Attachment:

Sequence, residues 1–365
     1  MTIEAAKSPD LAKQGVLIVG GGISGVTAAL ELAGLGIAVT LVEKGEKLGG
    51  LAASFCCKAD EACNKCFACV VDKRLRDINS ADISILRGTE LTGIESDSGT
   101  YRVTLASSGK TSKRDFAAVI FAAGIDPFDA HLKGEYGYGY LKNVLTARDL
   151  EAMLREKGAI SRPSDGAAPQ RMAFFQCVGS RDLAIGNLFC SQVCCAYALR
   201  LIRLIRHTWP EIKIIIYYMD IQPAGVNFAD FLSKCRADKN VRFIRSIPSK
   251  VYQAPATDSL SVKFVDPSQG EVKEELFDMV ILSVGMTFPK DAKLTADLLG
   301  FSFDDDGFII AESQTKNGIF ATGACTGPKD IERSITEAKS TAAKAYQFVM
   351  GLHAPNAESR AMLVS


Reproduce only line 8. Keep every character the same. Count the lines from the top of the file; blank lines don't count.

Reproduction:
   301  FSFDDDGFII AESQTKNGIF ATGACTGPKD IERSITEAKS TAAKAYQFVM